In Yang’s case, her attackers were swiftly reprimanded. On Sunday, Weibo banned 32 accounts from posting for 90 to 180 days for “malicious personal attacks” on Yang, and deleted their comments, it said in a statement. An additional 33 accounts were also silenced for “maliciously slandering, insulting and attacking” Chinese Olympic athletes, according to another statement Sunday.

Meanwhile, the Chinese embassy in Sri Lanka lashed out at Reuters on Twitter Saturday, over what it perceived to be an unflattering photo of Chinese gold medal winning weightlifter Hou Zhihui the agency had used. The photo captured Hou’s facial expression as she attempted to lift a barbell twice her weight.

“Among all the photos of the game, @Reuters has chosen this one, which only shows how ugly they are,” the embassy said in a tweet. “Don’t put politics and ideologies above sports, and call yourself an unbiased media organization. Shameless.”

Some Twitter users were quick to point out the state-run China Daily had used a similar photo, although it later replaced the picture.

Photo of the day

When the levee breaks: Emergency workers in Henan province attempt to secure a levee on the Weihe River as flood waters rise. Torrential rains have battered the central Chinese province in recent weeks, leaving more than 50 dead, and displacing hundreds of thousands. The floods have resulted in an estimated 1.22 billion yuan (about $190 million) in economic damage, according to provincial authorities.

An ‘imaginary enemy’

The breakdown in US-China relations is due to some people in the United States treating China as an “imaginary enemy,” Chinese Vice Foreign Minister Xie Feng was quoted as saying during a meeting with US Deputy Secretary of State Wendy Sherman on Monday, according to a statement provided by the Chinese Ministry of Foreign Affairs.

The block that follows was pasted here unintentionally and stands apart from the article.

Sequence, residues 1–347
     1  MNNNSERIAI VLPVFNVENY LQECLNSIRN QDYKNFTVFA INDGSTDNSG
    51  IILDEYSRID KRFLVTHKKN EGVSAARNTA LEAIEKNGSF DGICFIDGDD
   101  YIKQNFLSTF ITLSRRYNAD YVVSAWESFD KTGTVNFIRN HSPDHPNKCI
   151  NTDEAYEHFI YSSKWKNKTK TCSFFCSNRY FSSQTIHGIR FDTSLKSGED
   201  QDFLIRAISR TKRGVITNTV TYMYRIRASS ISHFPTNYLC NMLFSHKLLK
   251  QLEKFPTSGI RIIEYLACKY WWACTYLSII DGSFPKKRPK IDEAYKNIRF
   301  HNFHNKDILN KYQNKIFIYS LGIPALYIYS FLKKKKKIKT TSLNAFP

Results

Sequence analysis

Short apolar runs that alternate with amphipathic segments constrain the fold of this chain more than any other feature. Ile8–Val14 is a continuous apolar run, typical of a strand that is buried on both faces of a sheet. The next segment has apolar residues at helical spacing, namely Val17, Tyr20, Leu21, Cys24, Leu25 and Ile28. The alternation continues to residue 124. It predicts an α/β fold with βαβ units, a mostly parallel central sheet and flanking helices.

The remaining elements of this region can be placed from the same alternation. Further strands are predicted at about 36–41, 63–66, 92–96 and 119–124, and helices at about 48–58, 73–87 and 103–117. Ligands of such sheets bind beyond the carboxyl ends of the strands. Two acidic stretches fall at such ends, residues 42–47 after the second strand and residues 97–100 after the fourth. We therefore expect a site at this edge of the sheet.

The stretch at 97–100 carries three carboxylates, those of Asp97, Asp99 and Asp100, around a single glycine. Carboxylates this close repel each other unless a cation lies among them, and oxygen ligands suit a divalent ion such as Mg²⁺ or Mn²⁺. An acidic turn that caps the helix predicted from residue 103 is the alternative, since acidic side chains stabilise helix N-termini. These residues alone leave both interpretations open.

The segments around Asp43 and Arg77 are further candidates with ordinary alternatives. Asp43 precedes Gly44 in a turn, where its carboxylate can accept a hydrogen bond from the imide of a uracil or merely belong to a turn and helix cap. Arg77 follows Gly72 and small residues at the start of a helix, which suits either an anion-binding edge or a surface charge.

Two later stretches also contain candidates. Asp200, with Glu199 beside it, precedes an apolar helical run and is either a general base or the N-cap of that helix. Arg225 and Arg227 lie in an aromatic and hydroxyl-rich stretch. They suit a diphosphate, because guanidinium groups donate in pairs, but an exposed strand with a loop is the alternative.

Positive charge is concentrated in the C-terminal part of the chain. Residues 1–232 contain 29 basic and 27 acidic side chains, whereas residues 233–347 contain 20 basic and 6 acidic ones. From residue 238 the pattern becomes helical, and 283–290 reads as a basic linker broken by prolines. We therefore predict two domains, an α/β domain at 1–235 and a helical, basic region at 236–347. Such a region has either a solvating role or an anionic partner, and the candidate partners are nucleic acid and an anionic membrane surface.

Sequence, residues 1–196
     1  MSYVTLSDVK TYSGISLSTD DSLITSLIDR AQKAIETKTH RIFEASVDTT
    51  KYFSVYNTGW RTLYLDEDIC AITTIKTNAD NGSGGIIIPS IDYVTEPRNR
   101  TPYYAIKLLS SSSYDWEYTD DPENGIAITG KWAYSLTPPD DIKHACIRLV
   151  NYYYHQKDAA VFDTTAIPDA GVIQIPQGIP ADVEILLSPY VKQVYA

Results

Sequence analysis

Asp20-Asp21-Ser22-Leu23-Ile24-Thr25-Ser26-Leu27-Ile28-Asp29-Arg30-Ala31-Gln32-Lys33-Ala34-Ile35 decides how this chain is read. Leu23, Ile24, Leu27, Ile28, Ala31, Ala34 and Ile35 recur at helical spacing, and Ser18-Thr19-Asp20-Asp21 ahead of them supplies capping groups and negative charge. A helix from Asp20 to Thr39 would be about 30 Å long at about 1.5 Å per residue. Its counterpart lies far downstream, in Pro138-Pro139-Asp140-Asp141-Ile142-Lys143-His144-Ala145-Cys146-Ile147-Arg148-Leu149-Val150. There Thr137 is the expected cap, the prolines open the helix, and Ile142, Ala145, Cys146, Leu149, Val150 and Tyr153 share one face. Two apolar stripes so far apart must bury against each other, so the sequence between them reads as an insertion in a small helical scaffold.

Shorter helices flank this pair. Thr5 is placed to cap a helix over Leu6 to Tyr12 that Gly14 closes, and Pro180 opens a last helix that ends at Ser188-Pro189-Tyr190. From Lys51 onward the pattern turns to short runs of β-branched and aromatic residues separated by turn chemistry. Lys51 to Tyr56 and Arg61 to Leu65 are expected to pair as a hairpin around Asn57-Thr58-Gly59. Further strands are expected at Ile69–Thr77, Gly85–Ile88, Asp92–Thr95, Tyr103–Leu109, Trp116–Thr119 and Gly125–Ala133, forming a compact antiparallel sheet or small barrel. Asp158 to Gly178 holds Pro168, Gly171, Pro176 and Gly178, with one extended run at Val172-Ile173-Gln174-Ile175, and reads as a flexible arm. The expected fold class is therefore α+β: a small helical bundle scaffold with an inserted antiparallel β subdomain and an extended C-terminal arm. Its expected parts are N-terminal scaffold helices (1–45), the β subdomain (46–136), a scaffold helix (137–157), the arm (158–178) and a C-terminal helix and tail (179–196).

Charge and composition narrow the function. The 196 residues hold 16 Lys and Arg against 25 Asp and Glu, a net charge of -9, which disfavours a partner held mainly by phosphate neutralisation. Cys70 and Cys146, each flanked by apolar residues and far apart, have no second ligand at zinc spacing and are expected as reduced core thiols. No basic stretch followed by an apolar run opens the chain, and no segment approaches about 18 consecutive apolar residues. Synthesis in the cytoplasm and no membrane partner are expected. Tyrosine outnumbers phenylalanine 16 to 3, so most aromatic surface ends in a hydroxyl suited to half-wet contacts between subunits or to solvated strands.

Sherman arrived in the northern city of Tianjin Sunday for meetings with Xie and State Councilor and Foreign Minister Wang Yi, as part of what her office described as ongoing US efforts to hold candid exchanges with Chinese officials to “advance US interests and values and to responsibly manage the relationship.”

The Chinese ministry statement, which came ahead of Sherman’s meeting with Wang, accused the US of wanting to reignite a “sense of national purpose” by orchestrating a “whole-of-government and whole-of-society” campaign to demonize and suppress China.

Xie was also quoted as saying the US was in “no position to lecture China on democracy and human rights,” pointing to the US’ historic treatment of Native Americans, and US military action.

The US side has yet to release a statement on the meeting.

The talks come more than three months after the countries’ confrontational Alaska meeting in March, during which top diplomats from both sides publicly exchanged barbs.

In the months since Alaska, the two countries have continued to clash across a range of fronts, with the US government being highly critical of China’s policies in Hong Kong and Xinjiang. On Friday, China announced new sanctions against seven US officials — including former Commerce Secretary Wilbur Ross — and entities in response to US sanctions against several Hong Kong government officials, according to China’s Ministry of Foreign Affairs.

Clues on China might be crucial for Tesla this week

Tesla — the most secretive automaker on the planet — reports earnings in the United States on Monday. Details on its sales in China might be key to reassuring investors.

The company has struggled to overcome a string of bad publicity in China, the world’s largest market for all autos and also electric vehicles.

A group of Tesla owners protested at the Shanghai auto show in April. And nearly 300,000 Teslas built at its relatively new Shanghai plant were recalled last month. There have been concerns among investors that Tesla could be facing long-term problems in China.

“The China growth stories is the top of the list for Tesla,” said Dan Ives, tech analyst with Wedbush Securities and a Tesla bull. “This is their key market, we believe 40% of their sales will come from there next year. I think that’s the linchpin to the stock going up or down.”

Although Chinese sales of EVs from other automakers are reportedly growing, Tesla’s China sales fell 9.2%, according to stats cited by Gordon Johnson of GLJ Research, an analyst who is one of Tesla’s harshest critics.

“It seems clear Tesla has a China demand problem,” he wrote in a recent note. “Weak second quarter 2021 China domestic sales likely translate into weak second quarter earnings for Tesla.”

— By Chris Isidore